It was Wednesday night and I was "Goin' to the candidates' debate," to quote Paul Simon, the singer-songwriter, not the Southern Illinois politician, in his song, "Mrs. Robinson."
He was being satirical but I couldn't keep that song out of my head during the whole thing even as a bunch of people were taking the matter more seriously than I was.
I thought I would get there early but by 6 p.m. people were lined up on the steps of Lindenwood University-Belleville's auditorium to get in for the 7 p.m. debate and it was difficult to find parking.
Best remark overheard outside before the debate about all the people there.
"It's a Belleville thing, like going to funerals for something to do."
The Belleville News-Democrat was one of the sponsors of this third debate in a series of three and distributed 760 tickets. The auditorium was not quite two-thirds full.
There had been a big demand for tickets which had sold out, or would have sold out except they were free, first-come, first-served. Even after more tickets were made available in the balcony, they sold out.
When the crowd applauded their own welcome from News-Democrat Publisher Jay Tebbe, it was obvious they were rarin' to go.
But then the rules were read asking that people remain seated, there be no audience interruptions, only polite applause and no boos or catcalls. That seemed to stun the audience.
There was no applause for a while.
The crowd began to loosen up after a few questions but there were only a couple of outbursts and only a few people yelling as they applauded.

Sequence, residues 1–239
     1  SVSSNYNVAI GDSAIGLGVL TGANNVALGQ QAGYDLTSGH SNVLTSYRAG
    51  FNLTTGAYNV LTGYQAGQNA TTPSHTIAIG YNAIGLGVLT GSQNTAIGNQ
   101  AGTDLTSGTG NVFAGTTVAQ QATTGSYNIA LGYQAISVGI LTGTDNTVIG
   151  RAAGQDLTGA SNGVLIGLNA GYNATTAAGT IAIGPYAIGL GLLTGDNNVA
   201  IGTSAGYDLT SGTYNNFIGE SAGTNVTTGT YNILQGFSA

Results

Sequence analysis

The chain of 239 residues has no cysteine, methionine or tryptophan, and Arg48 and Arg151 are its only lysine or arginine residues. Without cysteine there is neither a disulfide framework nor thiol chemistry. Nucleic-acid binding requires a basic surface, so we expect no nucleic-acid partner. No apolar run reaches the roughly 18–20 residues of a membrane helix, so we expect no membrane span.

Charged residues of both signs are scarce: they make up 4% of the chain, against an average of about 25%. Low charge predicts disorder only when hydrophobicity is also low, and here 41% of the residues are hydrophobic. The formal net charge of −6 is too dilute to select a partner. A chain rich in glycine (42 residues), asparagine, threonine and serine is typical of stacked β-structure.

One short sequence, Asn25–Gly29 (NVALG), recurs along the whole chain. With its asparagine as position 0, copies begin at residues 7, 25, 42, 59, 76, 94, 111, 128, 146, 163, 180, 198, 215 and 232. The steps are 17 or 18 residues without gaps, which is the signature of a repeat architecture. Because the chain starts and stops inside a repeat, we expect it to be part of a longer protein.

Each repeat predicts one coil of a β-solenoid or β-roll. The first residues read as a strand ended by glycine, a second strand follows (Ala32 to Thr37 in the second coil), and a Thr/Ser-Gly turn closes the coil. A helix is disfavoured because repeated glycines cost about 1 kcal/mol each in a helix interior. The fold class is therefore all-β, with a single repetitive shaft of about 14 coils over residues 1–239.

That was in the crowd. On the stage there were several outbursts. Bill "I was commander of the Illinois National Guard" Enyart and Jason "I really don't like Barack Obama" Plummer clashed a few times and frequently accused each other of lying. Paula "I'm green and anti-war" Bradshaw seemed to just want peace.
When all was said, I doubt that anyone's mind was changed, particularly if he or she was wearing a sticker or shirt supporting a specific candidate which many were.
At the end, if there had been an applause-o-meter, Enyart would have won, but he was also the last to get applause. Plummer would have been a close second.
The best quote after the debate belonged to Green Party candidate Bradshaw when I asked her if she thought the debates would make any difference.
"I certainly hope so. It's my only chance," she said.
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